By Sara Mayeux
Special to The Bee
For someone who made her fortune in cyberspace, Meg Whitman seems unusually enamored of ambitious bricks-and-mortar endeavors. In 2002, the eBay magnate donated $30 million to her alma mater (and mine), Princeton, to help fund a new undergraduate dormitory. Five years and $136 million later, Princeton celebrated the grand opening of Whitman College. This state-of-the-art complex combines a medieval castle ambience straight out of Harry Potter with high-speed wireless and a digital photo lab.
Now that she’s running for governor of California, Whitman is proposing another construction project. But this time, she won’t be footing the bill – no, that honor will fall upon California’s already overburdened taxpayers. Look closely at Whitman’s platform and you’ll find a troubling plank: A proposal to build new prisons. Or, as she puts it on her website: “We need more prison beds to keep our streets safe.”
On the surface, Whitman’s proposal may seem appealing. California’s prisons are grossly overcrowded, with men sleeping in triple bunks or two to a 48-square-foot cell. But I have yet to hear Whitman explain how the state is going to pay for new prisons, despite her claim to value fiscal responsibility.
It’s safe to say that Whitman’s prisons would not feature anything like the amenities of Whitman College. Nevertheless, it costs a lot more to build even a bare-bones prison than to build even the most lavish dormitory. When California nearly tripled its prison population in the 1980s and ’90s, building 23 new prisons at prices of up to $350 million each, it funded construction by floating bonds – that is, by saddling future Californians with debt.
Even if California could locate a few hundred million dollars, those funds would be much better spent on criminal justice policy reform. Unless Whitman is planning to literally double the size of the prison system, which seems unlikely, her proposal amounts to a drop in the bucket. California’s prisons aren’t just a little bit crowded – they’re operating at almost 200 percent of capacity. Building a new prison here or there will just delay the inevitable.
California must confront the roots of its prison crisis: draconian sentencing laws, a paucity of mental health treatment both in and out of prison, and a system that is too quick to return ex-offenders to prison for technical parole violations.
Whitman suggests that downsizing California’s prison system – as the state is under federal court order to do – would harm public safety. But that’s a myth. Several states, including New York, have shrunk their prison populations in recent years while also reducing crime rates. In contrast, our bloated prison system is actually a grave threat to public safety: Criminology experts agree that California’s warehouse-like prisons fuel crime. The majority of our inmates do not participate in rehabilitative programming, whether it is substance abuse treatment, vocational training, literacy classes or GED preparation.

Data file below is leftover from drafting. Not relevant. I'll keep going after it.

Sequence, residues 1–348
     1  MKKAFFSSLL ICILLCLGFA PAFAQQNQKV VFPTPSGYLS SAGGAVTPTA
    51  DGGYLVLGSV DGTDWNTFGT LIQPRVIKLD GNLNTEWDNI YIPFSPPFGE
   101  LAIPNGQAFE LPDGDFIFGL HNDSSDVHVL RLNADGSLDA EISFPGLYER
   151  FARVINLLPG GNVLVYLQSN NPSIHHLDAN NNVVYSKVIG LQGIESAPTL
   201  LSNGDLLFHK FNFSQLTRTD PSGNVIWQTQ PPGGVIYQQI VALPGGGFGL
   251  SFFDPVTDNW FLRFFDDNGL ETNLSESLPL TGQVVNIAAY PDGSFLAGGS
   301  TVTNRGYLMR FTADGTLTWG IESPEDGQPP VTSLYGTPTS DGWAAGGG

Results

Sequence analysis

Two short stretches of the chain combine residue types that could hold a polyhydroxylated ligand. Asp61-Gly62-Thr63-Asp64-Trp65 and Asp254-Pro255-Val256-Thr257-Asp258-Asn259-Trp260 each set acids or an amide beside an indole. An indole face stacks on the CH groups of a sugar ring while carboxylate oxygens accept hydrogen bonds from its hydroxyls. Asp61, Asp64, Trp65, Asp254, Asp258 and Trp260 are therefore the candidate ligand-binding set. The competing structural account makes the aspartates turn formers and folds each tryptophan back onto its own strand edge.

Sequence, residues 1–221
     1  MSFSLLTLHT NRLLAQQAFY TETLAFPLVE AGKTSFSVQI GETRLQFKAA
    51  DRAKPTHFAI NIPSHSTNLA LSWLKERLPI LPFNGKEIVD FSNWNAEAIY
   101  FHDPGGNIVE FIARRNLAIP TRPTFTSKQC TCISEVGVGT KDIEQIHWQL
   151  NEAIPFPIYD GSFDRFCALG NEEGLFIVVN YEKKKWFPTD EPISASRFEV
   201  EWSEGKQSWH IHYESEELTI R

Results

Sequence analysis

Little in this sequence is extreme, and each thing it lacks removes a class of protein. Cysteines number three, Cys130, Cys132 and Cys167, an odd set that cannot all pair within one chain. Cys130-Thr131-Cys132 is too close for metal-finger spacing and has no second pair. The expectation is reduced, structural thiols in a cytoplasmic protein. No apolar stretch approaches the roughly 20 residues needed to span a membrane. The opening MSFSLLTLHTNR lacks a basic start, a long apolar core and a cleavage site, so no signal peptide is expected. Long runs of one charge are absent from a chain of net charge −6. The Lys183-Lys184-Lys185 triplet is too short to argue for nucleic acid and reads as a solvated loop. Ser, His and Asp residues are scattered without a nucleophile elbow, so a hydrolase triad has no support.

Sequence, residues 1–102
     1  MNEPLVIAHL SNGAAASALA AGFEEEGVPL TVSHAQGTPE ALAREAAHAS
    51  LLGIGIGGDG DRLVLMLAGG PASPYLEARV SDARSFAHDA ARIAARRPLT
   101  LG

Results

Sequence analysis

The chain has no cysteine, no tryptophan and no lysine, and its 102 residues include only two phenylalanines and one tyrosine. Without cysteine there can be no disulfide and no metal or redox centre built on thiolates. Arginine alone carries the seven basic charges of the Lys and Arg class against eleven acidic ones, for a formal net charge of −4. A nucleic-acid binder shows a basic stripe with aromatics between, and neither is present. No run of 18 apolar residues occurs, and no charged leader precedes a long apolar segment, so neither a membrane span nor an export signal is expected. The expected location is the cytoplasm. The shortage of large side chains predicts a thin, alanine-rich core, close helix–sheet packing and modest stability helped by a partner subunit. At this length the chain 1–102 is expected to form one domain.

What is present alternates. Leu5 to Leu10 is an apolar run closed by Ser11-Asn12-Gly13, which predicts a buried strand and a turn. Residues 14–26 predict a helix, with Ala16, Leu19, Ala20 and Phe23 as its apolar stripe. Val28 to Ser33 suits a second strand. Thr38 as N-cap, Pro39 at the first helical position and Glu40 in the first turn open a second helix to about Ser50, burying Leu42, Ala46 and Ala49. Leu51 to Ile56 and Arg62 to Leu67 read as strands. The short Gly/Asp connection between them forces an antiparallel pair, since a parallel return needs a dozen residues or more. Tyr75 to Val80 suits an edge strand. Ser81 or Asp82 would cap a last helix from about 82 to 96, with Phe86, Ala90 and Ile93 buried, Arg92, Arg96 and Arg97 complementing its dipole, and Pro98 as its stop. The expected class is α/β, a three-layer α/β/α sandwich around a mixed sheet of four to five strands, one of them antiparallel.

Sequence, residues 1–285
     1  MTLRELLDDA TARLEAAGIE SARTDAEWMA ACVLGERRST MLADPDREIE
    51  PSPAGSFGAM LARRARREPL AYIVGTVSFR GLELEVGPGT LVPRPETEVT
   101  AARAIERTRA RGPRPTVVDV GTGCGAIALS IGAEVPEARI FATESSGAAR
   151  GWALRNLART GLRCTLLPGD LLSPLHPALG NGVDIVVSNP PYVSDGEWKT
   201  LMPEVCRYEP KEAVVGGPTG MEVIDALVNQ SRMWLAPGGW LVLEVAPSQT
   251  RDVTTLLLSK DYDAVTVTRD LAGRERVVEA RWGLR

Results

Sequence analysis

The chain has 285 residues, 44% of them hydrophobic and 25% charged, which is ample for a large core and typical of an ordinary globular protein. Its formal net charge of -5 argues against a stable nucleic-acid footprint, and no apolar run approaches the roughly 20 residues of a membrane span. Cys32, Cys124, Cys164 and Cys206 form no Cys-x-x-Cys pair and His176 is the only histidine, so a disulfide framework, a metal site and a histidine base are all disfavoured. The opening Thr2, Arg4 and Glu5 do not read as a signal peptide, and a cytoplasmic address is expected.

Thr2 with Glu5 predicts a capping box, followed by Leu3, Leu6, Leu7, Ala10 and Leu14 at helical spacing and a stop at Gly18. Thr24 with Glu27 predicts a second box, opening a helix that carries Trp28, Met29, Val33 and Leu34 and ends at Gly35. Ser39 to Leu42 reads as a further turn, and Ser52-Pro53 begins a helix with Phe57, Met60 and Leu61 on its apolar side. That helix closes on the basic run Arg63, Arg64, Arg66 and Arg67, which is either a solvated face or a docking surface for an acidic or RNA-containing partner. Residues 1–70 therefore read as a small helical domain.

But that doesn’t mean California inmates aren’t learning. After touring California’s prisons, the former head of Washington’s prison system described them as “crime schools.” Yolo County’s former chief probation officer, Don Meyer, has said of the prisons he’s visited that “almost nothing positive is going on … it seems like they produce additional criminal behavior.” California’s practice of cycling parolees in and out of prison for a few months at a time helps prison gangs reach their tentacles out into our communities.
In the face of all this evidence, Whitman wants to expand California’s criminogenic, counterproductive prison system. In other words, she proposes to keep doing what California’s been doing for the past 30 years. The Golden State already spends more on its prisons than its once-legendary public universities. Now, with California’s colleges raising fees and rejecting qualified applicants, Whitman wants taxpayers to keep pouring money into scholarships to “crime school.”
How might California downsize its prison system, save taxpayer dollars and protect public safety? Texas – hardly a “soft-on-crime” state – offers one model. In 2007, Texas lawmakers faced a choice: they could spend $540 million to build new prisons that would cost another $1.5 billion to operate or they could spend $241 million to expand alternatives to prison such as residential drug and alcohol treatment centers, halfway houses and mental health facilities. They chose the latter.
So Meg Whitman, if you’re reading this: As a Princeton alumna, I’m grateful that you’ve lavished so many millions on our alma mater. I hope the 19- and 20-year-olds lucky enough to live in Whitman College appreciate the generosity that funded their fancy digs. But as a resident of California, I’m appalled that you propose to use millions of taxpayer dollars to put 19- and 20-year-olds who are not so lucky in cages.
Think of the legacy you’d have as governor if, instead of expanding California’s prison system, you expanded its network of addiction treatment programs, counseling providers, halfway houses and job training centers. Think what would happen if you shut down a few of California’s “crime schools” and beefed up funding for K-12 schools.
As the 168,000 men and women living in them will tell you, we already have enough prisons.